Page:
Belt sanders have a crown on the rollers too.
I would venture to guess that the crown allows the blade to pivot
slightly. If the blade on the cutting side is pushed back slightly the
rigidity of the blade causes the blade to come forward on the opposite
side of the wheel to counter act the tendency to come off of the wheels.
It makes sense that if ther is a high spot on the wheels you want that
spot in the center vs. the front or back.
A high spot was on both front and back would cause the blade to dull
Thank you. That explained tracking and at the end of the video another
witness that guides are not necessary per the comment about the band saw
mill that used no guides and had teeth on both sides of the blade for
sawing in both directions.
My tires are flat rubber hoops, but out of curiosity, I placed a square
across the tire surface and sure 'nuf, there is a very slight crown,
maybe 10 mils at the center across 1 1/4" of width. My wheels must be
machined with an ever so slight crown (learn something every day!)
I still run narrow blades (1/2" and smaller) with the teeth hanging off
the front of the tire as recommended, never get any movement, but I'd
assume that tweaking the tracking is effectively putting a pseudo-crown
under the center of the blade.
Teeth off the front of the rubber?
How old is the saw? What brand? I wonder if the tire is worn.
Old saws didn't have much crown and had rubber, which hardened or wore
down. Maybe your tire needs replacement.
I let my narrow blades ride in the center. I don't usually have to touch
my saw, other than set the thrust bearing and guides.
I wonder if the tire is worn.
Nope, just SOP for these saws.
I fried (melted) my tires when I was resawing some really tough wood
with a 1-1/4" 0.035" thick blade, about the max I'd ever try to tension
on that saw. Usually the tires are supposed to last "forever" (_they_
say), but other then the melted sections, the rubber was nice and
pliable. Bummer is new rubber ran $40 each.
I could run in the center, but the teeth would tend to eat up the tire
surface given the minimal crown. I have a 1960's 14" Powermatic that is
more typical in that the blades need to run in the center. This saw has
flat machined wheels so the tires supply the crown. I replaced the
original rubber with urethane, which were also flat. The tire mfg.
suggested building up the crown with strips of tape placed in the center
of the wheel (under the tire), 1/4" strip on top of a 1/2" strip.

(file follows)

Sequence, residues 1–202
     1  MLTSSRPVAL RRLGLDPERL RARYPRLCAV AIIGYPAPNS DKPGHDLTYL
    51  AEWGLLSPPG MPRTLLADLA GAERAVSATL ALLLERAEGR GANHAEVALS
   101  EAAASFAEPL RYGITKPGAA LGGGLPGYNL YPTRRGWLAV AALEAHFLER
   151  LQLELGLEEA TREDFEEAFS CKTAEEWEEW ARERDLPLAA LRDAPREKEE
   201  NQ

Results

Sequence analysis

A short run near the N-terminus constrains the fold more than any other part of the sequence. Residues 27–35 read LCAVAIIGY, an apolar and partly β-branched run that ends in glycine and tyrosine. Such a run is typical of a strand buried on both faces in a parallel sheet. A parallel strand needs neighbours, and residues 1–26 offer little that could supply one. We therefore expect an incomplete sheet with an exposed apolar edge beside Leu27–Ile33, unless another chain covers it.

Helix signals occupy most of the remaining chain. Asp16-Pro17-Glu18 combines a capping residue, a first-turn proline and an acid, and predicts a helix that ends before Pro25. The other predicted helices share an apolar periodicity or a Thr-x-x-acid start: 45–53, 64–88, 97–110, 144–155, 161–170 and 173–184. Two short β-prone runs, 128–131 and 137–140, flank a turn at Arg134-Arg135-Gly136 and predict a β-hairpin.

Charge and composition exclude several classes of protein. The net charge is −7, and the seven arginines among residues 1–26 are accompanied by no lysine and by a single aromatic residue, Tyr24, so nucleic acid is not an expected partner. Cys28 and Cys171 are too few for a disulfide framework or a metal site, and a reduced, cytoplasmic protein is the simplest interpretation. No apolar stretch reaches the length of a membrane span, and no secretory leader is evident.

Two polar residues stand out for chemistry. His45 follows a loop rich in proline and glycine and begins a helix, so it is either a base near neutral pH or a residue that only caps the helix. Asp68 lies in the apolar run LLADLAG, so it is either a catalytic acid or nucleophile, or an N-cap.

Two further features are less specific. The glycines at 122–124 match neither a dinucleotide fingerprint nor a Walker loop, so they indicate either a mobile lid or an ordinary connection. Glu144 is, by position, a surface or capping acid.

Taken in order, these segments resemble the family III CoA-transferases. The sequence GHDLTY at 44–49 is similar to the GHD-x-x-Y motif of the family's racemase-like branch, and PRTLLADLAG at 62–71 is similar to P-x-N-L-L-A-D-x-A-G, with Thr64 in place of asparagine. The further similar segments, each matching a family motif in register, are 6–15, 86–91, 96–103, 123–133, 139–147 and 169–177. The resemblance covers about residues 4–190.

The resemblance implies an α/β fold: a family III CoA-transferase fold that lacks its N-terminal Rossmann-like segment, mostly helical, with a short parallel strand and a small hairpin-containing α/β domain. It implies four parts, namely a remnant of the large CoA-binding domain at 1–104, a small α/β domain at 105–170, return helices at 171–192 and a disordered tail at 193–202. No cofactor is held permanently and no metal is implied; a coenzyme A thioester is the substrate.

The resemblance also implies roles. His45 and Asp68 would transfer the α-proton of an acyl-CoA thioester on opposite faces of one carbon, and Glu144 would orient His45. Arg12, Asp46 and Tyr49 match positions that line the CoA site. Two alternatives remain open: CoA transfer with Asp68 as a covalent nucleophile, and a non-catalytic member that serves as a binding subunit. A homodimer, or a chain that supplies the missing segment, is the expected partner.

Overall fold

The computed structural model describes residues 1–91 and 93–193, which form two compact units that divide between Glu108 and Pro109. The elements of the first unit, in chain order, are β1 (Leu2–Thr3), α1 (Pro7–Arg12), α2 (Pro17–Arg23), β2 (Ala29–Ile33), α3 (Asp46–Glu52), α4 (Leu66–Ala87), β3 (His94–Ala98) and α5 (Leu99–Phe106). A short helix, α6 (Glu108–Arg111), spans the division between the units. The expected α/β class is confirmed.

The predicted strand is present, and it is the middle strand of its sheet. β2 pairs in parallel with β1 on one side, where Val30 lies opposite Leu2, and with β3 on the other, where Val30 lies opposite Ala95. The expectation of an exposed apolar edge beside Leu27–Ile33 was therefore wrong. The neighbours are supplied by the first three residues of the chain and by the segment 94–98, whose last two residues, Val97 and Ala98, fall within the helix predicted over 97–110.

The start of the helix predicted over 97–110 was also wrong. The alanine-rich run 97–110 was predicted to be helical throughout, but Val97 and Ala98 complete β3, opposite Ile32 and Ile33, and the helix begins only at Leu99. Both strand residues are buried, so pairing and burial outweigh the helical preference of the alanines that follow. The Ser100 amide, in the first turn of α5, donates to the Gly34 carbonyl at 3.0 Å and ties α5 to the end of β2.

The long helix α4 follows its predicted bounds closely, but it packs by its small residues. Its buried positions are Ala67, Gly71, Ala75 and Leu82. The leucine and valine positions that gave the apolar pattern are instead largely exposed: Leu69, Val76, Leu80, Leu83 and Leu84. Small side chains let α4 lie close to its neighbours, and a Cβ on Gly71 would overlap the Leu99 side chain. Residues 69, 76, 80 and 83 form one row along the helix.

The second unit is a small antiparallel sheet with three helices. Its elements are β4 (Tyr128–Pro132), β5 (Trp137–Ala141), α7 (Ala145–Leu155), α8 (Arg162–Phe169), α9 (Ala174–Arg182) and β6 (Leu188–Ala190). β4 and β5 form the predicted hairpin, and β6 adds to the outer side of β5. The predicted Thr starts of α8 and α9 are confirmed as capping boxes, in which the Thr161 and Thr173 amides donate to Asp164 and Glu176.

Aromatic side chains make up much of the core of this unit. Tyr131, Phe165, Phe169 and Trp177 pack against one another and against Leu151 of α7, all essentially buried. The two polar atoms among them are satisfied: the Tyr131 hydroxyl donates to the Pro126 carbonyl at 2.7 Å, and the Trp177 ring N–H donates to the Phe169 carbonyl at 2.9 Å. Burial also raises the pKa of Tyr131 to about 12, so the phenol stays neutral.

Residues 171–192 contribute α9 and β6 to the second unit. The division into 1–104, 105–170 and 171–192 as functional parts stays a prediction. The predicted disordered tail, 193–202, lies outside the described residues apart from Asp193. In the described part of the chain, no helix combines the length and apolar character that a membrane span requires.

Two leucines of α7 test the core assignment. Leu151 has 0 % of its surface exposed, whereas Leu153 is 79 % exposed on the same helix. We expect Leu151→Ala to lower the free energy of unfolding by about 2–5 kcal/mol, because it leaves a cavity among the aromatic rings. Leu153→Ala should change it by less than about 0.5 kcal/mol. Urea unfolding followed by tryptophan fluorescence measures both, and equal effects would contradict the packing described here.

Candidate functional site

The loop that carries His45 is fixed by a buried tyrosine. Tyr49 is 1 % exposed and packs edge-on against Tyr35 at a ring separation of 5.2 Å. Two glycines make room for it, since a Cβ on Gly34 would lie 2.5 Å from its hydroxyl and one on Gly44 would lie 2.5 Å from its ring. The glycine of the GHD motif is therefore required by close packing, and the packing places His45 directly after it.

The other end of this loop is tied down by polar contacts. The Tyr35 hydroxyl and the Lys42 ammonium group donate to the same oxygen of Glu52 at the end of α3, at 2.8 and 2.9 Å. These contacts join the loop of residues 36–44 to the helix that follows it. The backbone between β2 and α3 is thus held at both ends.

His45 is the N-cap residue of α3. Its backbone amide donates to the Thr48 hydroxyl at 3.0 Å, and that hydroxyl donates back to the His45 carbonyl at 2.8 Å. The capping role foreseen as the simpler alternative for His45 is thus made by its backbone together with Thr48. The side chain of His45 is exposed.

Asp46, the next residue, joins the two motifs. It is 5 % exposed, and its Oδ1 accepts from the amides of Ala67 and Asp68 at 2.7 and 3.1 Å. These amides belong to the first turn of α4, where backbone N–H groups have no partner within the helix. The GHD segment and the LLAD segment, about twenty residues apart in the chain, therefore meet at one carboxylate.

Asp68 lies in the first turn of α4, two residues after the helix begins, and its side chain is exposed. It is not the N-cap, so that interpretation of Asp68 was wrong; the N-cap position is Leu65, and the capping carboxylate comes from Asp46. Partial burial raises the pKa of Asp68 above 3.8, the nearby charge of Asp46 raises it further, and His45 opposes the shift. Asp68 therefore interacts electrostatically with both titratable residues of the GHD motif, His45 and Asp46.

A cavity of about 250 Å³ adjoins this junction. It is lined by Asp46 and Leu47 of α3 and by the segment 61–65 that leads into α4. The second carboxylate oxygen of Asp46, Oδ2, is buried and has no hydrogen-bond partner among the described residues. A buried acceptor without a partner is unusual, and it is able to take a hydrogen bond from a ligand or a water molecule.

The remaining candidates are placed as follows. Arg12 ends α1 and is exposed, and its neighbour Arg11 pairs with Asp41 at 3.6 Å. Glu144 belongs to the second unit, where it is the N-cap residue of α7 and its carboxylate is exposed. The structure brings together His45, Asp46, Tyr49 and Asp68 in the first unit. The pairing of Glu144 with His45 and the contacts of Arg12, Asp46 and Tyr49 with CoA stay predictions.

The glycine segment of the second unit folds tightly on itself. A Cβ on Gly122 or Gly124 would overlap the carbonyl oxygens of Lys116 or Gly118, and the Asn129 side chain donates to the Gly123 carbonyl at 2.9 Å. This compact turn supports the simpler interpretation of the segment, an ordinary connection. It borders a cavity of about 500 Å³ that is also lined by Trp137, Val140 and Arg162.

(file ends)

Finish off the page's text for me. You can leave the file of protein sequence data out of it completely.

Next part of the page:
The crown is visible and the blade loves to seek out that high point.
That second saw lets me keep a 1/4" blade on the 14" saw for general
cutting and curves and leave the MM set up for resawing. BIG time saver
not having to swap out blades in the middle of a project.
I have not had to replace the urethane tire on my Delta . I would have
thought the urethane tires have the crown built in. But I don't know as
I've never taken off the tire. Maybe some do and some don't.
I usually run a 1/2 blade unless doing something curvy. So my narrower
blades get much less use.
Thanks, for the info, I had never heard of that, but I guess it makes sense.
Not necessarily achievable with any band saw. I learned that guides were
not necessary, on a good saw and blade when I view sited Mnimax for a
private demo of, IIRC, an MM16 band saw 10 years ago.
Unfortunately the only MM16 that they had to show was missing the upper
and lower guides. I was not happy about that but the rep said they were
not necessary on a rigid saw. Right he was, he and I both made several
cuts, straight and curved, on several thickness woods with no problems.
Ultimately I bought the
Laguna LT 16 HD.
Congratulations, little drummer boi! Your gut-wrenching
ignorance is now permanently archived for the amusement of
future generations of woodworkers worldwide! LOLOK
Please pardon me while I push my guts back through the
hernia hole that laughing at your post has caused me to do.
Lonnie Bird was at our local Woodcraft last Saturday demonstrating his line of CMT router bits. I showed Lonnie your message on my iphone he said you were more full of shit than a
thanksgiving turkey then lectured our class on the staggering amount of misinformation on the internet.
Who is Lonnie Bird?
He is there to sell you something. I got my information from the
MiniMax rep. Granted you should use guides but you can saw with out them.
I suspect the Minimax rep knows worlds more about this subject than him.
And to bring you up to speed on this. I visited the home office at
Minimax to demo the MM16. Unfortunately for both of us, me and the rep
showing me the saw, there were no guides on the MM16. We sawed with
guides anyway per his comment that you can saw with out guides.
Lonnie Bird wrote a book on bandsaws. The typography and pictures were
better than the same vintage Duginski book, but I don't remember enough
about the content to give you an idea of its quality.
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